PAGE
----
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Chron discovers Raed

Like many other media outlets, the Houston Chronicle has discovered Salam Pax, the man behind the Where is Raed? weblog. Not unexpectedly, they expressed doubts about his authenticity:

While stories like those by Salam Pax may seem intriguing, Aly Colón, an ethicist for the media think tank Poynter Institute, said the entries should be taken with a dose of skepticism.

“Blogs are another tool for journalists and the public to get other perspectives from inside Iraq,” Colón said. “The danger is taking this, or anything on the Internet really, at face value.”

Colón said while the blog may be convincing to some, it could just as easily be a computer prankster in Topeka, Kan.

Salam Pax lists only an e-mail address as a means to contact him. The e-mail address, operated by a British music magazine, responded several times Monday with a message indicating the inbox was full. Efforts Monday to contact Salam Pax or determine his location were unsuccessful.

Look, maybe Salam is real and maybe he is a hoaxster from Topeka. The problem is that this “analysis” gives short shrift to the question. For one thing, Salam’s blog has archives that go back to September. If he’s having it on with us, he’s put an awful lot of time and energy into doing so. That’s by no means conclusive evidence of his bona fides, but it’s a fact that ought to be taken into consideration.

Second, while you may not be able to get hold of Salam himself, that doesn’t mean he’s a cipher. Why not treat him like a reclusive author who doesn’t give interviews – read his collected works, speak to people who know him, and paint yourself a picture. Maybe there’s something in an old post that clearly contradicts what he says about himself. All I’ve seen so far in the old media accounts of Salam is quotes from his most recent entries, which again gives the impression that he’s a newcomer on the scene.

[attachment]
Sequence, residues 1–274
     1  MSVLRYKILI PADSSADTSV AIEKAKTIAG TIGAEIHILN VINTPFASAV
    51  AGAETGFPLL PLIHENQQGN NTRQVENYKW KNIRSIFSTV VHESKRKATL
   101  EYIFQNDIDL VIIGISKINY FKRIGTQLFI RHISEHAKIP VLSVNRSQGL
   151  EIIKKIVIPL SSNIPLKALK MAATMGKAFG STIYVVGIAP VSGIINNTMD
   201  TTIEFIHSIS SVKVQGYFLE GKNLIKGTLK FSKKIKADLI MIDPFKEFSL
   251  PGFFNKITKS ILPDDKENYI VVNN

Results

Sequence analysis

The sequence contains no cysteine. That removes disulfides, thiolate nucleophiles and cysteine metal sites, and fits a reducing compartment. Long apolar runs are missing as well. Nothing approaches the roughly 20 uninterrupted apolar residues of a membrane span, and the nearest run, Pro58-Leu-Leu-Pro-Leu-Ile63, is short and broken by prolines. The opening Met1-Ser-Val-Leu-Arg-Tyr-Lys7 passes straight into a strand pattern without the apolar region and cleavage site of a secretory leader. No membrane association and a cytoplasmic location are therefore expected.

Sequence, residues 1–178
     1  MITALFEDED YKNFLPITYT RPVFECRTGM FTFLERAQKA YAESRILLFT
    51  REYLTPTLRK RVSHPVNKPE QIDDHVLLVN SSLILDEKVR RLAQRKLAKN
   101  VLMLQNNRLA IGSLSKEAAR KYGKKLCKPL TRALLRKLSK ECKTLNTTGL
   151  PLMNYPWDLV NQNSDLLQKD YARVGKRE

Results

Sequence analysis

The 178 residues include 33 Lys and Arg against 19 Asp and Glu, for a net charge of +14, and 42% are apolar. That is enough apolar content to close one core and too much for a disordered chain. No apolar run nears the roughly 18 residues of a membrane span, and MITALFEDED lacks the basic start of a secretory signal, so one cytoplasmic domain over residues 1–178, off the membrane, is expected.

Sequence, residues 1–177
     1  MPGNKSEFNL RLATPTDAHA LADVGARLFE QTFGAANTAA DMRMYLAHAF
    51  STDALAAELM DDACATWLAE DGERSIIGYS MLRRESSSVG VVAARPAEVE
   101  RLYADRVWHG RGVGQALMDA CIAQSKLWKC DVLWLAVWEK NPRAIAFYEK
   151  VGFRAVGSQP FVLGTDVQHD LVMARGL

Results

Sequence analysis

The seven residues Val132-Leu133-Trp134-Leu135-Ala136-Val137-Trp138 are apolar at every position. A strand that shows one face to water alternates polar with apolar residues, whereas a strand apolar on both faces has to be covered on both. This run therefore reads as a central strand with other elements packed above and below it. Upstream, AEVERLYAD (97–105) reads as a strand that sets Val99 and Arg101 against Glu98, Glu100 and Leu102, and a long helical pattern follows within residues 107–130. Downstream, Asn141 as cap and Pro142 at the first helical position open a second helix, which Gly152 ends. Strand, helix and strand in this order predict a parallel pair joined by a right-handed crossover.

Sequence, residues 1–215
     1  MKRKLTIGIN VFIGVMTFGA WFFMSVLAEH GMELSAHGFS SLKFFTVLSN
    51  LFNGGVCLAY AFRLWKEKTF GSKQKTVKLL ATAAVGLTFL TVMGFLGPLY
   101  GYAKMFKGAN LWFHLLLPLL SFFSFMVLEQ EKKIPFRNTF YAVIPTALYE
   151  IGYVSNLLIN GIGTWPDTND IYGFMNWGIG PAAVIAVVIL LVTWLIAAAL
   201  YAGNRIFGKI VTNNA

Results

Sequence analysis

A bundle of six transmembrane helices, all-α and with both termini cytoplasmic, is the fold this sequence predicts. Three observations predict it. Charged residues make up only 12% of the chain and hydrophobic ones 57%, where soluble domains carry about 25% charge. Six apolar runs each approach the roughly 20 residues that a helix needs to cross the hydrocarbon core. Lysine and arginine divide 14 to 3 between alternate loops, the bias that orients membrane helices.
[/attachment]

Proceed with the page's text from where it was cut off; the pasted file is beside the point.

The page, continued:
As for his peers, Salam has been a blogworld celebrity for some time now, and a number of bloggers have corresponded with him. Diane E. was an early booster, and she thinks he’s real. Other bloggers, especially those on Salam’s blogroll, likely have some useful insights. Maybe one of them has an actual email from Salam, whose headers could be checked to see if the originating IP address is in a block that’s assigned to Iraq. You never know till you ask.

I understand that this story is seen as “timely”, and the steps I’ve outlined would take more time than a reporter in this position might like to take. But I think we deserve a better examination of the question of Salam’s genuineness than the canned opinion of some “media ethicist”. Who knows, we might even discover the truth of the matter.

UPDATE: Someone has done some of this detective work, and he thinks Salam is real, too. Thanks to Ikram and Ginger for the tip.

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5 Comments

  1. And he’s also showing an extremely nuanced position on the war that I don’t see many in America holding, or even that many in America seem capable of believing people in Iraq would hold. Both the pro- and anti-war bloggers constantly seem to claim Salam as some sort of propaganda victory. It’s quite bizarre.

    The other thing that convinces me of Salam is the what he writes about when he writes about it. His style of writing reminds me of other people I knew who were non-native speakers but with impressive skills.

    Either there is a hell of an actor in Topeka who has way too much time on his/her hands or Salam is for real.

  2. ikram saeed says:

    There was a guy who did an authenticity check a while ago. He checked headers, traced e-mails etc. Salam does work off uruk.net, and the headers could be traced back to Beirut.

    (I don’t know anything about this web-stuff. I take the word of people who understand.)

    The NYT has a story on Salam with a lot of personal detail. (A worrying amount). They did not doubt his veracity.

    To me, it sounds like the chron was trying to do that usual ‘balance’ schtick, ansd a little cover-your-ass in case he is a hoax. They don’t want to look like dupes.

  3. Hmm. I missed the NYT story when I Googled “Salam Pax”. If someone could provide the link for that, I’d appreciate it. Thanks!

  4. Ginger says:

    The technical information Ikram is talking about came from Paul Boutin’s blog.

  5. Kevin Whited says:

    Maybe it will turn out to be another Kaycee Nicole…